Here’s some expert advice to help you better understand the fine art of real estate investing.
“Investing in brick and mortar makes concrete financial sense” says Patrick Juanéda, President of the Québec Federation of Real Estate Boards (FCIQ). But the real estate market — as is true of any financial market— is not immune to speculative bubbles. Here’s some expert advice to help you better understand the fine art of real estate investing. “It’s still governed by supply and demand,” claims Paul Cardinal, an economist with FCIQ. “And the hotter the property, the scarcer the listings, the greater its market value will be.”
“Don’t lose sight of the resale,” adds Patrick Juanéda. “It’s all very well to fall in love with a little family pied-a-terre, but you must also bear in mind the pool of buyers who might one day want to purchase it.” In a buyer’s market, a two-bedroom basement condo might, for example, take some time to sell. “Exactly who will be interested in it?” asks Mr. Juanéda.
To make a solid investment, you have to pay a fair price. “Every property has its highest and lowest price, and you must know what it is,” continues the FCIQ President.
And the best way to avoid overpaying is to study comparable sales and select an agent with experience in the desired sector. Patrick Juanéda suggests analyzing sales from the three previous months, and being wary of any frenetic price growth: “Is this a truly rare listing, or an unjustified overvaluation?”
Paul Cardinal, for his part, cautions investors to avoid making extreme comparisons. “Every market has its own distinct conditions,” he explains.
“We can’t, for example, look at the Vancouver market and assume that the same situation will repeat itself in Montreal. The local economy, immigration, property listings, it’s a different ball game.”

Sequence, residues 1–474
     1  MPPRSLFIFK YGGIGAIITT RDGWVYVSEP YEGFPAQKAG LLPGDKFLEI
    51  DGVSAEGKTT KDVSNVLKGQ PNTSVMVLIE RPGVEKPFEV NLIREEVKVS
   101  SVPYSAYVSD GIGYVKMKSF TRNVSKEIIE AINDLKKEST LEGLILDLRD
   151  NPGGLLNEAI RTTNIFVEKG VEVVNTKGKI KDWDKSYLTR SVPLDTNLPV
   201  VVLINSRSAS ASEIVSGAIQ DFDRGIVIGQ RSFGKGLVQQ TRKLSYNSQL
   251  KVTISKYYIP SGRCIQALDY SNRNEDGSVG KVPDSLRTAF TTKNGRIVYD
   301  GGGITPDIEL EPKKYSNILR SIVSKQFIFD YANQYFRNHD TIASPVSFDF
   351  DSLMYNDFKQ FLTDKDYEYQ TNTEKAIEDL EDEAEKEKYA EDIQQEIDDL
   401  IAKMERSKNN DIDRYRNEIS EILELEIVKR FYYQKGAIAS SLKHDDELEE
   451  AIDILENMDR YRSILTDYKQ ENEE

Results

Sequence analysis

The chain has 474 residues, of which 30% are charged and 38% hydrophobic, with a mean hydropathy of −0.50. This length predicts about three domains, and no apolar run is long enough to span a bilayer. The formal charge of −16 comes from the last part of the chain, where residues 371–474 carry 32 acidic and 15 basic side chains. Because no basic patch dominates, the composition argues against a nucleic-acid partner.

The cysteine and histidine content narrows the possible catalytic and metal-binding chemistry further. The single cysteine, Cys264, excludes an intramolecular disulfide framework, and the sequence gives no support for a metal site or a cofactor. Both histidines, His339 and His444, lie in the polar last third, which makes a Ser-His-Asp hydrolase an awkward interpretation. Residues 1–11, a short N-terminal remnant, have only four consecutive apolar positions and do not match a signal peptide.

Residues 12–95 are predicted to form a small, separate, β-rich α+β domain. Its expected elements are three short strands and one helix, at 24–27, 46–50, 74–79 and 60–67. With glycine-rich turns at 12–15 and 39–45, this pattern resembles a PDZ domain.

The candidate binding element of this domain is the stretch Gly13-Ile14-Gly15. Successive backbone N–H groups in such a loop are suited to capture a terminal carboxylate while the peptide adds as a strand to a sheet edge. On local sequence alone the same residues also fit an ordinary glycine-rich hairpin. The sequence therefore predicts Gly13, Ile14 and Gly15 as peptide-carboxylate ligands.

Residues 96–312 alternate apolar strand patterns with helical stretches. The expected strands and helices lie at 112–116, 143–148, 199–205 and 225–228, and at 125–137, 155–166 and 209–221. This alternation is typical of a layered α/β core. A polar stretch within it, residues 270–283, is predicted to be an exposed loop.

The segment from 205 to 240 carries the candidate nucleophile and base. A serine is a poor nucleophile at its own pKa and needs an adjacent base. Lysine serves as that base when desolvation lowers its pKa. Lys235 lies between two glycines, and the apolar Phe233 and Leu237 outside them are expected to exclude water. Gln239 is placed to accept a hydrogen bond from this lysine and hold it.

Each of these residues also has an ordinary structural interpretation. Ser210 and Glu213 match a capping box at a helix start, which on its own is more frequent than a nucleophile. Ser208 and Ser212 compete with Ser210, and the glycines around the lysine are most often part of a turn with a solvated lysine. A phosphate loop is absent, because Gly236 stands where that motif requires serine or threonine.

From a micro-economic viewpoint, each neighbourhood is a separate market; demand will vary according to the type of property. “It’s like trying to compare two drops of water,” explains Patrick Juanéda.
The inaccessibility of Canadian property, resulting from strong price growth, regularly makes the headlines. To deal with this situation, you must, first and foremost, analyse the income ratio, namely the monthly mortgage payment (which includes the interest rate) compared with gross income.
According to Mr. Juanéda, we should all begin shopping for a property with a pre-approved mortgage, whose amount has been determined through in-depth financial analysis.
“A solid investment decision should be based on your financial capacity.”
A long-term horizon is also the key to solid investing, and real estate is no exception. “Anyone who sold in Toronto in 1991, when the market suffered its greatest decline (-8%) probably didn’t do very well…but if we look at the average annual variation in the price of property in Toronto for 25 years, growth stood at 7%1,” cites Paul Cardinal as an example.
That positive investment phenomenon repeats itself in all the major Canadian urban markets, including Calgary (5%)2, a more vulnerable market due to its oil dependency.
Furthermore, reselling within a year or two is rarely profitable, unless it’s in a record year. Even in such cases, the costs of purchasing a new residence (transfer rights, taxes, renovations, etc.), allocated over such a short period, greatly influence potential profit.
If you want to make a sound investment, it’s wiser to purchase with a view to keeping the property for at least five or 10 years, or more.
Before investing, it’s important to get a feel for the area. The type of neighbourhood has a huge impact on property value, including the price ceiling.
“Buying the most expensive house on the block limits the final market value, which won’t absorb all those little extras,” explains Patrick Juanéda.
Economist Paul Cardinal agrees: We can’t make informed decisions sitting in an office poring over statistics. Figures won’t reveal the next up and coming areas: it’s really a question of instinct and guesswork.”
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FCIQ by the Centris system and ACI, FCIQ calculations
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